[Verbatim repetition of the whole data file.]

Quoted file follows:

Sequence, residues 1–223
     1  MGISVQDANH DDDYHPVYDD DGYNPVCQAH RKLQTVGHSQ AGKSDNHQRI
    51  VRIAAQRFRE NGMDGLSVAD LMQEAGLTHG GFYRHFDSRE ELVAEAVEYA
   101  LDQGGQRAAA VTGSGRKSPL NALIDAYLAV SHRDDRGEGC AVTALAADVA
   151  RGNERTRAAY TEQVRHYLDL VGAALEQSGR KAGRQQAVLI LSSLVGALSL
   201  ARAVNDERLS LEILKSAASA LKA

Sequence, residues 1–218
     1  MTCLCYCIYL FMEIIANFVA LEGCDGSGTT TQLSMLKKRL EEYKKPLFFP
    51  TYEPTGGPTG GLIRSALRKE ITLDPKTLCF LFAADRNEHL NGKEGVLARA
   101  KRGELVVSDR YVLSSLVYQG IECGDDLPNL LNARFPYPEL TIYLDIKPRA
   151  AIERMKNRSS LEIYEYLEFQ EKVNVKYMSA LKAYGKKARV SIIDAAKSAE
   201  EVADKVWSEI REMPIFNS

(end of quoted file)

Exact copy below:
Sequence, residues 1–223
     1  MGISVQDANH DDDYHPVYDD DGYNPVCQAH RKLQTVGHSQ AGKSDNHQRI
    51  VRIAAQRFRE NGMDGLSVAD LMQEAGLTHG GFYRHFDSRE ELVAEAVEYA
   101  LDQGGQRAAA VTGSGRKSPL NALIDAYLAV SHRDDRGEGC AVTALAADVA
   151  RGNERTRAAY TEQVRHYLDL VGAALEQSGR KAGRQQAVLI LSSLVGALSL
   201  ARAVNDERLS LEILKSAASA LKA

Sequence, residues 1–218
     1  MTCLCYCIYL FMEIIANFVA LEGCDGSGTT TQLSMLKKRL EEYKKPLFFP
    51  TYEPTGGPTG GLIRSALRKE ITLDPKTLCF LFAADRNEHL NGKEGVLARA
   101  KRGELVVSDR YVLSSLVYQG IECGDDLPNL LNARFPYPEL TIYLDIKPRA
   151  AIERMKNRSS LEIYEYLEFQ EKVNVKYMSA LKAYGKKARV SIIDAAKSAE
   201  EVADKVWSEI REMPIFNS